Intimate Privacy Protection Act

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The Intimate Privacy Protection Act (IPPA) is a proposed amendment to Title 18 of the United States Code that would make it a crime to distribute nonconsensual pornography. The bill would "provide that it is unlawful to knowingly distribute a private, visual depiction of a person’s intimate parts or of a person engaging in sexually explicit conduct, with reckless disregard for the person's lack of consent to the distribution." The bill was introduced by Representative Jackie Speier in 2016.[1][2]

The proposed law explicitly would not forbid the use of such images in reports to law enforcement, the courts, corrections officers, intelligence services, nor in other cases of public interest (perhaps including responses to a public health problem). The definition of "sexually explicit" is inherited from existing laws, and "reckless" is to be interpreted by prosecutors. Interactive computer platform providers (such as Wikimedia or Facebook) are not considered violators of the law if users upload something that violates the law, unless the platform explicitly invites such content.[1]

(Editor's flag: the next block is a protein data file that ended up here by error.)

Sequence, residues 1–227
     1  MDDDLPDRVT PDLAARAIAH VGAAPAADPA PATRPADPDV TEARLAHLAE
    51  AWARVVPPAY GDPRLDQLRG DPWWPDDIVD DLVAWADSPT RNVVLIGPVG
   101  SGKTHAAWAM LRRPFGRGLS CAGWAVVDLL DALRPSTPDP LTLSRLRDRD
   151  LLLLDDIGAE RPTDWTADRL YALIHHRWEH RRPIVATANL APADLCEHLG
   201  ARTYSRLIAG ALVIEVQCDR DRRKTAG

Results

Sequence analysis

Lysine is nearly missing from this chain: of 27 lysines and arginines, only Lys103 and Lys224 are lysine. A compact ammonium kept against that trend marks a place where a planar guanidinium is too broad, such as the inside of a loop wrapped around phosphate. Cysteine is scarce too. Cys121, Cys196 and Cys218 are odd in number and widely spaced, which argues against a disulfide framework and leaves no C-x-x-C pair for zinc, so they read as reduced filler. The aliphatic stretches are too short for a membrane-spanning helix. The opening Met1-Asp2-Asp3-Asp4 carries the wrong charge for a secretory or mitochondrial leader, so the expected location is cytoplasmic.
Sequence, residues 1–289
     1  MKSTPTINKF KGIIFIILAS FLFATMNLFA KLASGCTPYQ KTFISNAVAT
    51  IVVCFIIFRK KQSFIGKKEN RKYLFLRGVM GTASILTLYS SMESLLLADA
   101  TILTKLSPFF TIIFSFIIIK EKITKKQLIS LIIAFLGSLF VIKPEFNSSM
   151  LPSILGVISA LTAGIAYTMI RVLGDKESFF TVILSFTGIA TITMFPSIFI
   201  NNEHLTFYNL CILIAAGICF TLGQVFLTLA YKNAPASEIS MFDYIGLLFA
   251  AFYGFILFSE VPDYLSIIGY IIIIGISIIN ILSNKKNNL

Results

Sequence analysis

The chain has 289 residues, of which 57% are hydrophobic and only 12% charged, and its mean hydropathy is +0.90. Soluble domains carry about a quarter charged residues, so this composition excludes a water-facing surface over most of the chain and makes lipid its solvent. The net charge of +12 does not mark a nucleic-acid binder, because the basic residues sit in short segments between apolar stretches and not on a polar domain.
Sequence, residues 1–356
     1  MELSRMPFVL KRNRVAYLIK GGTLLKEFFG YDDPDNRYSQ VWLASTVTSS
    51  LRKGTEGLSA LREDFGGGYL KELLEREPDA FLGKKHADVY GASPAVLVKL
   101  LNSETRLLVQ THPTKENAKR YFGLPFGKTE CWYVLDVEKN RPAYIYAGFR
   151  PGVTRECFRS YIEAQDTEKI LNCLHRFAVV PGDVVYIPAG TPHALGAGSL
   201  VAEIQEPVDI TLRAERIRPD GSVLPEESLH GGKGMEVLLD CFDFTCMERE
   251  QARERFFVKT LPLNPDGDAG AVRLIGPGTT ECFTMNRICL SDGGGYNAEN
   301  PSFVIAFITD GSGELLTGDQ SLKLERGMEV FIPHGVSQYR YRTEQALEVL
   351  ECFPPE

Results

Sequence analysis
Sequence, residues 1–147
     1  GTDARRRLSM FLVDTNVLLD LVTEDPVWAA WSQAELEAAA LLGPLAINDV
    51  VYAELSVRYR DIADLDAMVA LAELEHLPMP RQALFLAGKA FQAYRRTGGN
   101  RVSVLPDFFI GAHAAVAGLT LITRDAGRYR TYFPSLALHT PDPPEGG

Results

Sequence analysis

The explicit protection ("safe harbor") for platform providers ("intermediaries") may have been inserted in response to requests by Google which had opposed an earlier version of the bill but supports the June 2016 one.[3] The amendment has support from tech entrepreneur Peter Thiel.[4] The ACLU does not favor the draft law because it imposes on free speech.[3]

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References[edit]

  1. ^ a b "Congresswoman Speier, Fellow Members of Congress Take on Nonconsensual Pornography, AKA Revenge Porn". Retrieved 2016-08-15.
  2. ^ "Text of the bill, as of 9 June 2016" (PDF). Retrieved 2016-10-22.
  3. ^ a b Sarah Jeong. New Revenge Porn Bill Shows Silicon Valley’s Influence in Politics. Motherboard/Vice, 15 July 2016
  4. ^ Thiel, Peter (August 15, 2016). "Peter Thiel: The Online Privacy Debate Won't End With Gawker". The New York Times. Retrieved August 16, 2016.